The Moroccan kiosk tempted all of us with its alcoholic offerings. Colleen and Linda opted for the Sangria, Ben had the Amazigh red wine, and I had the tangerine mimosa. The sangria was very refreshing and the red wine was deliciously crisp. I rather enjoyed my mimosa (seen on the table in the picture with Colleen; she is having the sangria in the picture) as the tangerine was an interesting take on the traditional mimosa. The beef kefta was good, but paled in comparison to the falafel, which the majority of us preferred. Luckily the falafel can be found year-round in the Tangerine Cafe at the Morocco Pavilion; I suspect I will be having it again in the near future!The baklava was scrumptious, with pistachios instead of the usual walnuts.

In Australia we found the Barramundi to be a nice fish, but it did not have a distinct or memorable flavor (it was reminiscent of tilapia). It did have a nice presentation and the wilted arugula was quite nice. The lambchop, however, definitely did not disappoint; it had a great texture and was very tender. The roasted potato salad tasted under-done, which was a bit disappointing.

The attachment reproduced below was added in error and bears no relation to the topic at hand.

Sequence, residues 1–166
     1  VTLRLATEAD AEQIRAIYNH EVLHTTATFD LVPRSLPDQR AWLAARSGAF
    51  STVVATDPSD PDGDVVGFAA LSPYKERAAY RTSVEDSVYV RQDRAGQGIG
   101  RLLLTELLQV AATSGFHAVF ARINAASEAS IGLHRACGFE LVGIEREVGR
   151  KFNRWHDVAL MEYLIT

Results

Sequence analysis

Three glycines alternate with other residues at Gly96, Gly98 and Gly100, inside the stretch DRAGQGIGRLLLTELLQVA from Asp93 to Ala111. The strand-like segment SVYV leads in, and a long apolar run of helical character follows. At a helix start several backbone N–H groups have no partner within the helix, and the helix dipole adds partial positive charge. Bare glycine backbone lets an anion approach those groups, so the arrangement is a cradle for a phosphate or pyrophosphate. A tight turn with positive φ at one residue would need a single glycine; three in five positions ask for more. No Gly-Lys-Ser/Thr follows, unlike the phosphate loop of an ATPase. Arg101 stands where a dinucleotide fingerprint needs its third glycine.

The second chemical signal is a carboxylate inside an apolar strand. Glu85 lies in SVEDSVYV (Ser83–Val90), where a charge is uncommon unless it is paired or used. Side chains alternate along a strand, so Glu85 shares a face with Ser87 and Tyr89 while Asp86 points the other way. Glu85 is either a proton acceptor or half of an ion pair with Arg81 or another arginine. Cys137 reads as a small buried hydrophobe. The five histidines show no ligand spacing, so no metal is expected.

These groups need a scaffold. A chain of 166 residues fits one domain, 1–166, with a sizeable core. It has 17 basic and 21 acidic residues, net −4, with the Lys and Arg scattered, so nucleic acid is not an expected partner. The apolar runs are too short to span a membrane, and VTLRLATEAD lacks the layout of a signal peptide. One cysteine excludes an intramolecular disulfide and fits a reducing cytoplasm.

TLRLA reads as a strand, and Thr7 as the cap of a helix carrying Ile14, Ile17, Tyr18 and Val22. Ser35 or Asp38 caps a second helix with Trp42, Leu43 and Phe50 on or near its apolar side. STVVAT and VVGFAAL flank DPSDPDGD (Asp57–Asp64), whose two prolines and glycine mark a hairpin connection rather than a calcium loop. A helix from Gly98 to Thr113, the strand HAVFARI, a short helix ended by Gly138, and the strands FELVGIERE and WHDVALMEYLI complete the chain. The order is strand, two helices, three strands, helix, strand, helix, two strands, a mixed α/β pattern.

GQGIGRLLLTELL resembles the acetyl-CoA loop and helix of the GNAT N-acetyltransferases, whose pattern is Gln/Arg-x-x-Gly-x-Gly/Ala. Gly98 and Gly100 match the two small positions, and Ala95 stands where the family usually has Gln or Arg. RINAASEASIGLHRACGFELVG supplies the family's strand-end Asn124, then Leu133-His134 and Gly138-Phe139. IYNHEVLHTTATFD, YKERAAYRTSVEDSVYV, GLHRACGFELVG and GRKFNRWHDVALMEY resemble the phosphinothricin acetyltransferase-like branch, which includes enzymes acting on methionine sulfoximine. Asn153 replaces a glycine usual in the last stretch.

Japan, like Greece before it, has always been a disappointing kiosk, in my opinion. The majority of the offerings are simple sushi rolls that one can have at any sushi establishment around the country. The Tuna Sensation was a nice sashimi though, with some avocado. The Wafu ribettes were good, and Josh seemed rather fond of them. They had a nice, well-developed soy flavor and had been slow roasted to amazing tenderness.